This study examines whether local processing in children with autism spectrum disorder (ASD) is related to both attention and perception. Thirteen children with ASD and 20 normative controls completed a selective attention task involving Navon stimuli, in the active attention task and a priming task involving facial stimuli with spatial frequency (SF) filtering as primes in the unconscious perception task. In the selective attention task, children with ASD showed slower responses to both global and local conditions, and fewer correct responses for the global condition than the controls. Results suggest that children with ASD exhibit biased processing towards local information. In the priming task, controls responded faster and more accurate in the low-SF primed stimuli condition compared to the high-SF one, but children with ASD did not show response differences between low- and high-SF conditions. Thus, children with ASD exhibit enhanced local processing in perception. As regards to both attention and perception, children with ASD showed local processing advantage compared with controls.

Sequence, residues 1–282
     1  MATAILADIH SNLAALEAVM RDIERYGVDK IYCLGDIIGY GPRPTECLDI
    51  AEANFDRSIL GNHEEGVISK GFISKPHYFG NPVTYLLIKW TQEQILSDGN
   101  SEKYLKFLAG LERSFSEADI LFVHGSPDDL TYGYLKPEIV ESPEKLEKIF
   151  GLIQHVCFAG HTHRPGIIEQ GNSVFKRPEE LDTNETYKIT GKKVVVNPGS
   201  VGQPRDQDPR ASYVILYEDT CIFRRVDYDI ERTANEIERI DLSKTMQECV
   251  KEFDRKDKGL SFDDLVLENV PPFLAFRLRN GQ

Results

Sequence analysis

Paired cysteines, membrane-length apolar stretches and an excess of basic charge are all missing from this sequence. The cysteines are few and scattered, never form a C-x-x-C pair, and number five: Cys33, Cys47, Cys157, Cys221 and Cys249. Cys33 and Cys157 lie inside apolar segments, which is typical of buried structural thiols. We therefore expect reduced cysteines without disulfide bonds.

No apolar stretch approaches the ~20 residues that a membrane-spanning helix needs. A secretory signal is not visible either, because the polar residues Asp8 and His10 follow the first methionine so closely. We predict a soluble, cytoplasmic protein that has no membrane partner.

[Purpose] This study aimed to investigate the effect of auditory rhythmic cueing on gross motor skills in children with autism. [Participants and Methods] A total of 30 autistic children aged 8–10 years with mild to moderate autistic features participated in this study. They were randomly allocated to either the control group (n=15), which underwent a specially designed physical therapy program, or the study group (n=15), which underwent the same program in addition to gait training with rhythmic auditory stimulation. To provide rhythmic auditory stimulation, combination of a metronome beat set to the child’s cadence and rhythmic cueing from the MIDI Cuebase musical program was used. Both groups received 3 sessions per week for 3 months. The Bruininks-Oseretsky Test of Motor Proficiency 2nd Edition was used to assess gross motor skills at baseline and after 3 months of intervention. [Results] The study found statistically significant improvements in bilateral coordination, balance, running speed and agility, and strength in both groups after treatment. Moreover, there were statistically significant differences between the 2 groups, with the study group showing better improvement in all outcome measures. [Conclusion] Gait training with auditory rhythmic cueing elicited a positive effect on the gross motor skills of children with autism.